In the un-healed and the unexamined, it is either repressed and expressed later at times when the subconscious is pressured in some way (psychological-political), or it maintains an individualism (an ideology opposed to individuality) that keeps us from being able to understand and therefore be an ally to our friends and relations that are of ‘the other’ race/nationality, culture or color etc that undergo structural oppressions. It also leaves us blank in working with our own circumstances of oppression. It also forces a muteness, being silent/dead in situations that may want us not to be. In other words, the denial and submersion helps to maintain individualism (which serves capitalism and control) and also includes the repression of creativity that exists that allow for alliance-building with others–because it is never acknowledged. If we were to discuss individuality, instead of maintaining individualism, we would have to unpack our assimilation into becoming the morons the capitalist-elitist system wants us to be.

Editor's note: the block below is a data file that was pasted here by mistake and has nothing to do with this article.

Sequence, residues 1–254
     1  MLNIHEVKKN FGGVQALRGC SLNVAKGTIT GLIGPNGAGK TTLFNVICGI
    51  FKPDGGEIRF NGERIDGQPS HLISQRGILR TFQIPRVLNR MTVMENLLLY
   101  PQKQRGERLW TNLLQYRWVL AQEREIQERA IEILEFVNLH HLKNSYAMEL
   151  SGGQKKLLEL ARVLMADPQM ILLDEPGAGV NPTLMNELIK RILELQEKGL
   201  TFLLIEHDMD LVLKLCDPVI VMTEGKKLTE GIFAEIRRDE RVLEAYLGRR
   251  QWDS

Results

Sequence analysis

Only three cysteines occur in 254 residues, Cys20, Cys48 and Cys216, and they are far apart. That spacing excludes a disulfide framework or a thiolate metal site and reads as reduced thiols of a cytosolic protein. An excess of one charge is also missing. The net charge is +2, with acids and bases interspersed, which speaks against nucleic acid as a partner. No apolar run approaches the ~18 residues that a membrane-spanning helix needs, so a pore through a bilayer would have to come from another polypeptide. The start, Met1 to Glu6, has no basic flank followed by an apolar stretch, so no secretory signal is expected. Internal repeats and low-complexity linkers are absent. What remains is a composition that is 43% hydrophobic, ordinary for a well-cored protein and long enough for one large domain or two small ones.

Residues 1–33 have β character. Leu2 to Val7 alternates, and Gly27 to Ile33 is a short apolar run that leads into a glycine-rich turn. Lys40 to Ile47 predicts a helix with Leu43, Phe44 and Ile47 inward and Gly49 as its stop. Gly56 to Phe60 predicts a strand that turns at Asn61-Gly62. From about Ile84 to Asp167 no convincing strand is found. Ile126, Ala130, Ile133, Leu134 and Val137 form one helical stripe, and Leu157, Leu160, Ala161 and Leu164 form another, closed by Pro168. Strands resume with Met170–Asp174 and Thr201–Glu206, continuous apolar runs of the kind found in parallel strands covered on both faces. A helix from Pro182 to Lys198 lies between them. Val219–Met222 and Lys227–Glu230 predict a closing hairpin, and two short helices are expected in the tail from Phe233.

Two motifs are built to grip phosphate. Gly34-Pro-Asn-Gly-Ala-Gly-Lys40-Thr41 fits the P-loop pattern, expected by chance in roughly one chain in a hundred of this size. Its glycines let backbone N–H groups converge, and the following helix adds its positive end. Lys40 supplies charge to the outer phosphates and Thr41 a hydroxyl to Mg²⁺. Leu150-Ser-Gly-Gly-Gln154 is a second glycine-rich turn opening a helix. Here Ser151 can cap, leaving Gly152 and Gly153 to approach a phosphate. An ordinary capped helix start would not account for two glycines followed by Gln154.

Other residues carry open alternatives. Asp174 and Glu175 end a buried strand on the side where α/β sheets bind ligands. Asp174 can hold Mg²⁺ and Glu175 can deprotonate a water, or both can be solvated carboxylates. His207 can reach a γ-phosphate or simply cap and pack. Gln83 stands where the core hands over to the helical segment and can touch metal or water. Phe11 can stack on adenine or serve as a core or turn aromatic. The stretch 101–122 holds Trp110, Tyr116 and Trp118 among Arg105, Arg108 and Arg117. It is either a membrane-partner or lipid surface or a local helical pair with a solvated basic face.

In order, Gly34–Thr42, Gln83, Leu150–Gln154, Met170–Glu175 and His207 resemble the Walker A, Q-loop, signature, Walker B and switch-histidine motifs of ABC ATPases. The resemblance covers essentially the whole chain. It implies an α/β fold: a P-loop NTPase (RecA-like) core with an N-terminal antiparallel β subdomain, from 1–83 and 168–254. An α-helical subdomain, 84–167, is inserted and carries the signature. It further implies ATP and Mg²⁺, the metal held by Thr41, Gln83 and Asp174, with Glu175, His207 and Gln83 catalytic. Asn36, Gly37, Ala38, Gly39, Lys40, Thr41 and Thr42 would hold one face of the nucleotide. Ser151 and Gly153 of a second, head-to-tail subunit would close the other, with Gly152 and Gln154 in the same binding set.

Being mixed-race has always been an affront to easy understanding. We are one thing or another, not two, three, seven, ten. How can that possibly be? In today’s overwhelm-society, with the culture-technologies of the digital age, complexity is still unaccepting. Perhaps it is even intensified. A single nano-part of a mechanism functions in one or two certain ways. That is that part’s distinctive form of being. Another part acts as another single or set of single actions. To make a whole, the parts come together. Each part can be defined in a bounded and specific way. Otherwise, it’s crazy!! How can that be? We have to get to the bottom of anything that is not acting the way it must or how we have created it? As there are hundreds or thousands or millions of parts, we can take things apart to form something. It is a very un-organic way of organizing thought and things. We have inherited this way of seeing and investigating, to look at people and cultures. Mixed-race-ness is seen in a similar way. We borrow from a self-understanding of a single race, or a single people or a single nation. We forget that these ways of seeing reality have been constructed in order to do violence, no matter how benevolent, to what is in the world in sacrifice and transform it into what is promised in a future not-yet-here. Progress and modernization have also re-inforced pre-colonial ways of looking at difference.